REL 226 (WCH): The New Testament

The New Testament is a collection of first-century Mediterranean notes between people interested in the burgeoning Jesus movement. Translated, edited, and collated, these writings have since become a touchstone in the cultural heritage of the West. We will attempt to situate New Testament texts in light of the artifacts and social drama of the period in order to understand the character of early Christianity. Using techniques from biblical studies, we’ll come to a greater appreciation for the history and politics that made Christianity–and these writings– appealing. And we will begin to discover how these writings became scripture.

Saint Peter and Saint Paul, by El Greco, c. 16th century. Hermitage Museum (Russia).
Saint Peter and Saint Paul, by El Greco, c. 16th century. Hermitage Museum (Russia).

Core Textbooks:

Adam L. Porter, Introducing the Bible: An Active Learning Approach (Upper Saddle River, NJ: Pearson, 2004). 
A workbook to help you carefully read and savor New Testament writings.

Jonathan L. Reed, The HarperCollins Visual Guide to the New Testament: What Archaeology Reveals about the First Christians (San Francisco: HarperOne, 2007).
An introduction to the material culture of which New Testament writings are a part.
David Lynwood Smith, Into the World of the New Testament: Greco-Roman and Jewish Texts and Contexts (New York: Bloomsbury, 2017).
A great text for thinking through the cultural landscape out of which the texts in the New Testament emerged.

Key Topics:

Archaeology and the Bible

The Spread of Hellenism

The Rise of the Roman Empire

Second Temple Judaism

The Politics of the Gospels

The Sociology of Pauline Literature

Sex, Gender, and Health in the Early Roman Period

Apocalyptic States of Mind

Reading the New Testament in Contemporary Life

Student Scholarship:

Spring 2018

In its final offering at Elizabethtown College, students used an interactive notebook to work through our textbook, in-class activities, exam review, and independent study.

Students examined portraits of Jesus in the various texts, comparing themes, descriptions, and interpretive work.

For the final essay, students were tasked with tracking a biblical allusion in contemporary life and comparing its use and appearance to its first century development. Other students participated in an “unessay” or research project to demonstrate their skills.

Pre-med student Emily Sechrist ’21 studied Hellenistic, Early Roman, and Second Temple healing practices and developed diagnostic reports of ailments found in the gospels. As part of this project, she created anatomical votives.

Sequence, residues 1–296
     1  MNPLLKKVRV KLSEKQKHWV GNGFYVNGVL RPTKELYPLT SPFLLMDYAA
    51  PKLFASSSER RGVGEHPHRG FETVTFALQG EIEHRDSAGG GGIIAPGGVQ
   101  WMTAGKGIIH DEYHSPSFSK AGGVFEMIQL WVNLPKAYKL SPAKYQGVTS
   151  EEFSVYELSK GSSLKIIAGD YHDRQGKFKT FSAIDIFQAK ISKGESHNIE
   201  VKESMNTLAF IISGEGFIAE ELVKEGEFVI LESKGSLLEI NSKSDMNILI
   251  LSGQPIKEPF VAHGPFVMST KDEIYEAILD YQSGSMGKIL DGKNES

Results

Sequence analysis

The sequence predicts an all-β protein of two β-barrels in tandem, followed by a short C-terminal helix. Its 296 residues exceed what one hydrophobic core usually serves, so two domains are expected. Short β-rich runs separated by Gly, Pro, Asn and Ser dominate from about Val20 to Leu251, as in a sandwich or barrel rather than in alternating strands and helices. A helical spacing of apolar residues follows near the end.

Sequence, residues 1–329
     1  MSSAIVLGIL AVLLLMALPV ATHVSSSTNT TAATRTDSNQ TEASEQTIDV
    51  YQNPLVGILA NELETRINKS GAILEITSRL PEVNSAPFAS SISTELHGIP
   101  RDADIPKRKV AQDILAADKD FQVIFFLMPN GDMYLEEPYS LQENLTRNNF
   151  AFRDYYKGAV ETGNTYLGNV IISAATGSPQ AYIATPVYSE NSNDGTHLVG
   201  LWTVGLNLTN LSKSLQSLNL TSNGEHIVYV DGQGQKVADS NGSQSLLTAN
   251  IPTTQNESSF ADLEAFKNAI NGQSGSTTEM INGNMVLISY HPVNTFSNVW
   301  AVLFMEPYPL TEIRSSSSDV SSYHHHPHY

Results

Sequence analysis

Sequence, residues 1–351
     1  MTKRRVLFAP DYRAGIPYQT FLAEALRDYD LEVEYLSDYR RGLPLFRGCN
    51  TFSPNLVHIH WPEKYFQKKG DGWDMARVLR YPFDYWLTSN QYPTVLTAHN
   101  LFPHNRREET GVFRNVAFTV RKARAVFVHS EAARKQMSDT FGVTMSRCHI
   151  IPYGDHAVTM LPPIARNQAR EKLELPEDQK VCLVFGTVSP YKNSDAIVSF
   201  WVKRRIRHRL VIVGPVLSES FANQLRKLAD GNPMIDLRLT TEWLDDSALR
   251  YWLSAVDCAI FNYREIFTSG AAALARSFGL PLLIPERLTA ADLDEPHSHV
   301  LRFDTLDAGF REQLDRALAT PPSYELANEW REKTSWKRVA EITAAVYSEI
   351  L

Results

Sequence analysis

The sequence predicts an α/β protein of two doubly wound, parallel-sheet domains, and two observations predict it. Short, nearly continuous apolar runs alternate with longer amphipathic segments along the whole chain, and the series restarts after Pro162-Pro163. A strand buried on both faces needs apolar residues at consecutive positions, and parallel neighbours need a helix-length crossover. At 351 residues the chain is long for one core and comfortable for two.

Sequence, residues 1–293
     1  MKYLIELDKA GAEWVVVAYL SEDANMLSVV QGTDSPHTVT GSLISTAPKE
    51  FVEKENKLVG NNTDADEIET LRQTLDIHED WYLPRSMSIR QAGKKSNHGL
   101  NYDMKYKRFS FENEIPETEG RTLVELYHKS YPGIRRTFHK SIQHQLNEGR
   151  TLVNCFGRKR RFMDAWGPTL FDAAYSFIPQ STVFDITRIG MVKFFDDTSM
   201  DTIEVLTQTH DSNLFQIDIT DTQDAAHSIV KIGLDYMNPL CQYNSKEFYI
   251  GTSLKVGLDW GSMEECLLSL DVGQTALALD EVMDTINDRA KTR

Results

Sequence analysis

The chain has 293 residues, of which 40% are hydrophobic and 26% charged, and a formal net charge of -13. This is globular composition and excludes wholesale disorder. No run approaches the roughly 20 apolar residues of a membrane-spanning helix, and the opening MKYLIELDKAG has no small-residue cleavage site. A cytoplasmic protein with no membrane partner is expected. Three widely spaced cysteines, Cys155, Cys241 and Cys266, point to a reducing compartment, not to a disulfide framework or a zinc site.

Spring 2016

Students looked at the New Testament as a text whose content appears to change as it is reconstructed in new contexts. For St. Patrick’s Day, we hosted Michael Geaney for a lecture on the Book of Kells.

For the final exam, Dr. Jennifer Grace Bird joined us for a discussion of her book, Permission Granted: Taking the Bible Seriously (Westminster John Knox, 2016).


The class also read some of her Huffington Post commentary on the role of the Bible in public life. Each student wrote there own blog posts on how the New Testament continues to impact the cultural heritage of the West and discussed biblical interpretation with Dr. Bird.

Photo by Jessica Johnson

Spring 2015


Elizabethtown College is an institution with roots in the Church of the Brethren, a historic peace church known for holding “no creed but the New Testament.” This identity ran counter what students noticed as the palpable violence contained in early Christian literature. In recognizing the differences in norms and concerns between the present day and the first century, students inquired about the extent to which interpretations had changed over two millennia and across an ocean. As a point of comparison, students compared the role of the New Testament in the Church of the Brethren’s pacifist gestures.

Archivist Rachel Grove Rohrbaugh introduced students to the Elizabethtown College Peace Pamphlet Collection, part of the Earl H. and Anita F. Hess Archives and Special Collections.”With materials dating from 1775 to the 1970s, the pamphlets highlight the Biblical basis of peace, alternatives to war, the experiences of conscientious objectors, and other topics on non-violence.” Students analyzed pamphlets from 20th century conflicts, paying special attention to the New Testament’s place in advocating for peace. Having also studied the passages in their first-century context, students also considered similarities and differences in interpretations.


During the final exam period, the class shared their findings with local current Brethren scholars, pastors, and laity. We gathered at the Bucher Meetinghouse in the Young Center for Anabaptist and Pietist Studies. The exchange led to an increased understanding of how Brethren perceive the New Testament as a story to be lived into.

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